Going through a divorce can be one of the most stressful and emotional events a person can experience in their lifetime.
No one envisions getting a divorce when they say the words “I do," but the reality is that divorce can happen.
While this change in a person’s life can be emotionally draining, it does not necessarily have to be financially draining.
Here are five tips to help make the divorce process less stressful.
Start gathering important information
If you are getting a divorce, many — if not all — of your assets may be part of the negotiation.
To help prepare your attorney, gather:
Personal information including birthdays, social security numbers
Marriage and separation information
Employment and income for each spouse
Assets and liabilities for each spouse, including retirement assets
Insurance policies (life, health, disability, etc.)
Review your beneficiary designations
Perhaps the single-most important task is to review your beneficiary designations before, during, and after the divorce.
For example, your attorney may advise you to change your beneficiary designations before initiating proceedings to protect your assets should you pass away before the divorce is final. Once the divorce is finalized, the divorce decree may require updates to existing beneficiary ownership designations.
Set a new budget
During a divorce, you may find yourself financially overwhelmed, facing new expenses and less income. Work with your financial professional to set a new budget geared toward accomplishing your current financial goals or setting new goals.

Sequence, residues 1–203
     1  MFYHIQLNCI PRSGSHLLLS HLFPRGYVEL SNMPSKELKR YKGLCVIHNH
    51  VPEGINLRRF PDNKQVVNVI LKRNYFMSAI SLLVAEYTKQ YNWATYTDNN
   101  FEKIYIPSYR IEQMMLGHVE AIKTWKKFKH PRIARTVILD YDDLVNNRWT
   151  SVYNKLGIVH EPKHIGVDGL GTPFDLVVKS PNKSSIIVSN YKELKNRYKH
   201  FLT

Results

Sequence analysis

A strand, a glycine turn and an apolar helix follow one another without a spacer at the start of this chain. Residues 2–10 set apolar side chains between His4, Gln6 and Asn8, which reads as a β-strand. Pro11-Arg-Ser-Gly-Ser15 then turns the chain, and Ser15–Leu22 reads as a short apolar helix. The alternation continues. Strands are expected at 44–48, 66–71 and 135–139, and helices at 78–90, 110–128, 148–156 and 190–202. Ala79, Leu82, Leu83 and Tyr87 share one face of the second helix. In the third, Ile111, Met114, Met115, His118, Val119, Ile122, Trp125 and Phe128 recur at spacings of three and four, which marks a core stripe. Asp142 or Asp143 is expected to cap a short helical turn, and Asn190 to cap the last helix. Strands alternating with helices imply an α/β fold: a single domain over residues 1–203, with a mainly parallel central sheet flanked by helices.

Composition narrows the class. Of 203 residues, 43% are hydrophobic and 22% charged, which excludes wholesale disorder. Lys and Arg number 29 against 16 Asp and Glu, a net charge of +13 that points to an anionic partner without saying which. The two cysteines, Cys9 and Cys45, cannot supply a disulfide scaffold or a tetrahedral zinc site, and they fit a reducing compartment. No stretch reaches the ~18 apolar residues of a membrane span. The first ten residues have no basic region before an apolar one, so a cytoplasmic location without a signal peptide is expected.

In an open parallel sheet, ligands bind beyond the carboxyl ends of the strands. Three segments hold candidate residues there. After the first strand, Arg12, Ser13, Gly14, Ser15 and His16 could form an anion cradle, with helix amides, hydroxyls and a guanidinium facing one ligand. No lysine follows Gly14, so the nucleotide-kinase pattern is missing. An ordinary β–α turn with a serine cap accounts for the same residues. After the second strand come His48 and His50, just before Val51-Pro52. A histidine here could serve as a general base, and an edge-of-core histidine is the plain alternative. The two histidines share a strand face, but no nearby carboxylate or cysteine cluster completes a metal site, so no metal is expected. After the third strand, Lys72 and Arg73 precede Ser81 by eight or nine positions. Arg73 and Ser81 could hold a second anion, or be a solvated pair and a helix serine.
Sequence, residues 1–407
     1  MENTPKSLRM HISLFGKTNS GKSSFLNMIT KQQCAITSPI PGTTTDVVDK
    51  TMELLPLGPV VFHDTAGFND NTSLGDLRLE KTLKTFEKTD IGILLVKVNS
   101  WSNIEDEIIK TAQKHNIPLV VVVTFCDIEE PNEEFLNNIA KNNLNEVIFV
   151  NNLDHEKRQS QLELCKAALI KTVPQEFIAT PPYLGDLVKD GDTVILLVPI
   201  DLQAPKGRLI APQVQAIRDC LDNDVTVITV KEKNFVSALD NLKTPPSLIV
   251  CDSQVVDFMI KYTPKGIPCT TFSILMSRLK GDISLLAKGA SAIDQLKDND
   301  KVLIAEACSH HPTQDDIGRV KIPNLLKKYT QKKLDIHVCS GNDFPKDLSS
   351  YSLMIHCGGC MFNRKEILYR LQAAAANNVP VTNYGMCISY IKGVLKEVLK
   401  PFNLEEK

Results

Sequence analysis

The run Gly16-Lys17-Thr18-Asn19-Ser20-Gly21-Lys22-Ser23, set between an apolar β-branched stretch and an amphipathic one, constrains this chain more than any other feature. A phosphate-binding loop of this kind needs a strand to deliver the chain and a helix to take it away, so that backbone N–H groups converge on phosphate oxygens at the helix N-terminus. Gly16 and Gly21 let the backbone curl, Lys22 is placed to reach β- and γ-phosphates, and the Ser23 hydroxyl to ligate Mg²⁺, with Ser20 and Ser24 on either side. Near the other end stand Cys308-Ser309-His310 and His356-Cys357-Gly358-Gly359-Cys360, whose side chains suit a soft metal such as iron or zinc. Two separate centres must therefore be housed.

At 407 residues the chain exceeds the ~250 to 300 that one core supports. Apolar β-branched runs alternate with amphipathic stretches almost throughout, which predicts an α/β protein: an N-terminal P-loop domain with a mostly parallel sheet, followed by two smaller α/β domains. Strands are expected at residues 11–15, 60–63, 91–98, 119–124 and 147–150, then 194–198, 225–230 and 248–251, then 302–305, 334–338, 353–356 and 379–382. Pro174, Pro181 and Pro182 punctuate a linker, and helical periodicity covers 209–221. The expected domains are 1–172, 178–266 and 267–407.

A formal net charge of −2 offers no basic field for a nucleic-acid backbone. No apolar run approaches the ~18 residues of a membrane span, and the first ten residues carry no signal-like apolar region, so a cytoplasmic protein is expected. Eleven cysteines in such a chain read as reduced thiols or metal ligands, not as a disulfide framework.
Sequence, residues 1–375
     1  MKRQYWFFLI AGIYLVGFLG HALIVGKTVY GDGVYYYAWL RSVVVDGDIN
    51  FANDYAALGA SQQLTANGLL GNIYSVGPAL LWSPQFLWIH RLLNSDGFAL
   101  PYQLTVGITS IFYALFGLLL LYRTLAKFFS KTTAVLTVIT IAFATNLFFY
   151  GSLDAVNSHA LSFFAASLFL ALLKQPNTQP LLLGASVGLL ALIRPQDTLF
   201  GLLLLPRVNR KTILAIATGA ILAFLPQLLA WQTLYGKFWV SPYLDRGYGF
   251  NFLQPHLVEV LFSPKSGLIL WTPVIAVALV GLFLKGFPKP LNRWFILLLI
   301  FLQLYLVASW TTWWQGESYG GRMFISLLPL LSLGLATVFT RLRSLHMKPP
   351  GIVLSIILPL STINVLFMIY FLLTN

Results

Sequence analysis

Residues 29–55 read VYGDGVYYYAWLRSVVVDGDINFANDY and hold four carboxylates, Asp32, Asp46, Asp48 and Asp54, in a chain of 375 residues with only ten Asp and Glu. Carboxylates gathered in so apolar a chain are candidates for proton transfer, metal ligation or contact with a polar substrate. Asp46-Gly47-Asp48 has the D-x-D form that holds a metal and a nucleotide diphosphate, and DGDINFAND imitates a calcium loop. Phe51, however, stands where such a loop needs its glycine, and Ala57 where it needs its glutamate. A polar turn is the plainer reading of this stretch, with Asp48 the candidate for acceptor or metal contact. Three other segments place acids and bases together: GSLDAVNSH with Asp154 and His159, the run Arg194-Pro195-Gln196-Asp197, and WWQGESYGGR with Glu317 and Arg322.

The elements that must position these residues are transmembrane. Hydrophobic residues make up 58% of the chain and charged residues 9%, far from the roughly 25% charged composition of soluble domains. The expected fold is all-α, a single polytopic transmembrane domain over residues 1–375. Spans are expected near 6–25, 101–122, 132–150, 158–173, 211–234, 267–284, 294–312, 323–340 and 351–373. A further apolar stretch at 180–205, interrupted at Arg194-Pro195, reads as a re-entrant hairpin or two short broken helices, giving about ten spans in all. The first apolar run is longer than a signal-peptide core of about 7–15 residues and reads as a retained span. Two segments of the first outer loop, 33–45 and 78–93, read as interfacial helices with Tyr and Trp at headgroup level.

Talk to a tax professional
Many people underestimate how important tax planning can be during a divorce. Something as simple as the date of a divorce decree can have a huge impact on your tax filing status for the entire tax year. Understanding the different tax treatment for items such as alimony versus child support can put you in a better bargaining position during negotiations.
Your financial professional may be able to connect you with a tax professional who understands the tax rules applicable to divorce planning, which could save you money and give you peace of mind.
Review insurance needs
Throughout a divorce, the need for life insurance and disability income protection may change particularly when one spouse will provide income and the other may have primary custodianship of minor children. Insurance ownership and premium payments may be negotiated as part of the divorce settlement.
Before the divorce is finalized, work with your financial professional to determine the amount of life and disability income insurance you will need that best covers your post-divorce financial situation.
The divorce planning checklist may be helpful with “to-do” items before filing for divorce, during divorce and after it is finalized.
In addition, your financial professional can be an essential resource to you during a divorce and may be able to connect you with a network of professionals – including experienced divorce attorneys, counselors and tax advisors – who can provide professional assistance throughout the divorce process.
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